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Lee’s Rebellion & Senate TikTok Gymnastics

mike lee
If hardliners believe that the bill will increase funding for processing migrants and keeping them on American soil once they cross the border, they’re going to cause a fuss. Photo: Erin Schaff-Pool/Getty Images
Tina Nguyen
March 20, 2024

It’s widely assumed, probably correctly, that the House version of the TikTok ban will face more pushback in the Senate, in large part due to growing questions among Republicans. The sources of their concerns (some of which are merely post-hoc rationalizations for aligning with Trump) vary considerably. There is, of course, the very real impact of the Jeff Yass-fueled Club for Growth pressure campaign, as well as genuine fears about further empowering Meta and Mark Zuckerberg, a greater bogeyman than Xi Jinping in some corners of the far right. But there is also an emerging libertarian argument, recently espoused by Sen. Rand Paul, which posits the bill could unfairly target American investors in ByteDance (a.k.a. Yass) while setting a precedent that the government can target companies for alleged foreign influence without the burden of proof.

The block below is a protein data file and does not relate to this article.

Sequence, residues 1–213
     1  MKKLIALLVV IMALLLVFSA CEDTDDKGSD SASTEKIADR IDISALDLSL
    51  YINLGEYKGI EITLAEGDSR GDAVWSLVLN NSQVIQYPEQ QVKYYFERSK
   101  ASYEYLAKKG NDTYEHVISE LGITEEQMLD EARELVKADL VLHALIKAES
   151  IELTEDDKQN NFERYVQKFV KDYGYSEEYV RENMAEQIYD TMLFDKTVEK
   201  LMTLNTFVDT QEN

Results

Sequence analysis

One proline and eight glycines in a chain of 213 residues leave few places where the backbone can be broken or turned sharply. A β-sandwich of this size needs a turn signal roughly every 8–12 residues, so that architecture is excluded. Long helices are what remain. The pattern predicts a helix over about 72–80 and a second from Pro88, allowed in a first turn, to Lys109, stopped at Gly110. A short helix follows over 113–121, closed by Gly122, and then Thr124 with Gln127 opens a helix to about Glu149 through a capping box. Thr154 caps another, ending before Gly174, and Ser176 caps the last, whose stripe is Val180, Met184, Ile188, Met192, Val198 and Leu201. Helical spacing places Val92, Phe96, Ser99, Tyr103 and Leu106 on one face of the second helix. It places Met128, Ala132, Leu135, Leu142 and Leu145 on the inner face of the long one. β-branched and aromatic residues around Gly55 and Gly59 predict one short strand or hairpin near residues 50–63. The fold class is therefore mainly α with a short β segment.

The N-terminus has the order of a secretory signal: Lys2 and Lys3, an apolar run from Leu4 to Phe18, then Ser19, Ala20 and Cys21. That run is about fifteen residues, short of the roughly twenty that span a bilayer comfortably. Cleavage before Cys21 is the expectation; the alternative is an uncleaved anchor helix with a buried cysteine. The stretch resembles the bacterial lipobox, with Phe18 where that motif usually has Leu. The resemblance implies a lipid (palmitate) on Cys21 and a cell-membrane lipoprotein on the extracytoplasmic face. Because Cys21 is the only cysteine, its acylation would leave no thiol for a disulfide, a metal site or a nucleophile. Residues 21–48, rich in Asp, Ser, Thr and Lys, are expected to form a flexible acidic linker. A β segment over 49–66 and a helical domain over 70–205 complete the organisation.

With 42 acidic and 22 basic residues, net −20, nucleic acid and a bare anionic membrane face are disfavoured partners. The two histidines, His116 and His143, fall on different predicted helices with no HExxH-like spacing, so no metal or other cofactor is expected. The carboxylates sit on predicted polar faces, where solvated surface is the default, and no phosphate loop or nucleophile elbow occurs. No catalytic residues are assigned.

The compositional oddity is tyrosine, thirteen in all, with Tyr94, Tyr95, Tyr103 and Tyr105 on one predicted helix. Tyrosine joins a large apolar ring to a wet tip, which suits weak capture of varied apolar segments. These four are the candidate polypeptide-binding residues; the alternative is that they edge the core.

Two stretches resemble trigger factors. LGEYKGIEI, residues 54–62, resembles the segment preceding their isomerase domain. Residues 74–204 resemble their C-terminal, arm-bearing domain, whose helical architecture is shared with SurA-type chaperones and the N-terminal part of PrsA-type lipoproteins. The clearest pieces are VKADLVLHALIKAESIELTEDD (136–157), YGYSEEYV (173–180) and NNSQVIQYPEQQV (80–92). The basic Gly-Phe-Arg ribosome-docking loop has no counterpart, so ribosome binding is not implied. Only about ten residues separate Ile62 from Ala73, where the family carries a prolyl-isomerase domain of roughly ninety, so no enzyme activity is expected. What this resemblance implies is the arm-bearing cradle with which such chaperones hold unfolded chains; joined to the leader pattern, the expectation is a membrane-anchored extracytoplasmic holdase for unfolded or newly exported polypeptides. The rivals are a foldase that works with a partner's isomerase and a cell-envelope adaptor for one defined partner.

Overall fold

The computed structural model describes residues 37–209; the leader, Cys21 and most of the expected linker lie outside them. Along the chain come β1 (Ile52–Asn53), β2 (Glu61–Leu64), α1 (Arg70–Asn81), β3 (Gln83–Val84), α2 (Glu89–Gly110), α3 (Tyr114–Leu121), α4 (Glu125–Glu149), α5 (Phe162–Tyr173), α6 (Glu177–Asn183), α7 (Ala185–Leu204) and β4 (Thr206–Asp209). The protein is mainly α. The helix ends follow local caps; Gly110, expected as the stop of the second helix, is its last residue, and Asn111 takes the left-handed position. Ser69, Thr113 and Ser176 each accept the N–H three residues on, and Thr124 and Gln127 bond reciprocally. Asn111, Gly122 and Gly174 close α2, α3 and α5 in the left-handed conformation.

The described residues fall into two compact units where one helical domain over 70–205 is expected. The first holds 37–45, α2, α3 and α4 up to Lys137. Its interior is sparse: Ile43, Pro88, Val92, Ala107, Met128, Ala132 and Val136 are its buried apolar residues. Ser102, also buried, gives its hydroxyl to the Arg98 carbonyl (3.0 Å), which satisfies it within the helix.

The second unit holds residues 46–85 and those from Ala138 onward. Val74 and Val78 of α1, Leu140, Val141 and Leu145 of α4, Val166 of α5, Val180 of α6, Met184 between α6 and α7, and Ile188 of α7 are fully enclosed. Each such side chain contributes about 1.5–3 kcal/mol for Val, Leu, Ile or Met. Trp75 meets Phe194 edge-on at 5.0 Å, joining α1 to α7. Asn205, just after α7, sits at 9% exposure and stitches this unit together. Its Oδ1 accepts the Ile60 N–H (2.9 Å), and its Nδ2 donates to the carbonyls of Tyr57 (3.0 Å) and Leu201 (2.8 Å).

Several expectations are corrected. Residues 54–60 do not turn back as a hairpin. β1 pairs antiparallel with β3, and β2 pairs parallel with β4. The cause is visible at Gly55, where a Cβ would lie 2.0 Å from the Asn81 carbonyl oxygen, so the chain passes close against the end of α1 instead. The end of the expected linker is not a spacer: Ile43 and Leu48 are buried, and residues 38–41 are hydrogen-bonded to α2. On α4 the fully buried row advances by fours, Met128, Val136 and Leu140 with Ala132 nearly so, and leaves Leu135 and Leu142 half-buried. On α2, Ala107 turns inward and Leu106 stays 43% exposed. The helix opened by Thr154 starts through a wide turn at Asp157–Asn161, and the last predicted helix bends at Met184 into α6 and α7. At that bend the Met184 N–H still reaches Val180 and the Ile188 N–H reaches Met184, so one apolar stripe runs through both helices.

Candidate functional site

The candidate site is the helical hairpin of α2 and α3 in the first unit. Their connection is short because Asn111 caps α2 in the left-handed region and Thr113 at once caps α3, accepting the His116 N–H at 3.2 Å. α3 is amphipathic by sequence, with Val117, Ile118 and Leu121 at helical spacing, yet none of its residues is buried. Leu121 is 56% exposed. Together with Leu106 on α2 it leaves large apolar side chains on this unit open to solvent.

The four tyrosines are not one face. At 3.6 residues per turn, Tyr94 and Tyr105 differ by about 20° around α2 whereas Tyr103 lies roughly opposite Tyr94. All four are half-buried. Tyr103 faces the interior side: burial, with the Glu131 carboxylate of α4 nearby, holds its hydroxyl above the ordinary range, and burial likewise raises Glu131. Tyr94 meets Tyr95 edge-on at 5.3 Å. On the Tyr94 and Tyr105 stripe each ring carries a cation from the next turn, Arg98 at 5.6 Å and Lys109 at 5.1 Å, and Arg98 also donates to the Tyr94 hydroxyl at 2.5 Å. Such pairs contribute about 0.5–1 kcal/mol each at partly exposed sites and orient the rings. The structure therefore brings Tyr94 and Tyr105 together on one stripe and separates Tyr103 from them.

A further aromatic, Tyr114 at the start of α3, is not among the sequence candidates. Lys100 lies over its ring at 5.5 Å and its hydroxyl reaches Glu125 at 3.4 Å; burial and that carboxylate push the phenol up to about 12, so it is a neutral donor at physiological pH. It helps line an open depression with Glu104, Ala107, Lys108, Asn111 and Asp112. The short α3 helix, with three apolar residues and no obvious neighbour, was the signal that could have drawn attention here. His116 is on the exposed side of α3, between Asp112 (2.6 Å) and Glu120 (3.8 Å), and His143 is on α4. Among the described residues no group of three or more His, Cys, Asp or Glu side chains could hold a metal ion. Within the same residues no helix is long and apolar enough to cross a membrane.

Even among the China hawks on the populist right, who are campaigning for a full-fledged TikTok ban, there are concerns about what it means for a social media company to be “indirectly” held by a hostile foreign power. At the moment, the bill can directly target ByteDance since 1) the company is based in China, which has strict laws about government compliance, and 2) the Chinese Communist Party owns a so-called “golden share” of the company, theoretically allowing it backdoor access to the app, per Chinese law. (ByteDance has denied this, although independent analysts note that it’s hard to verify.)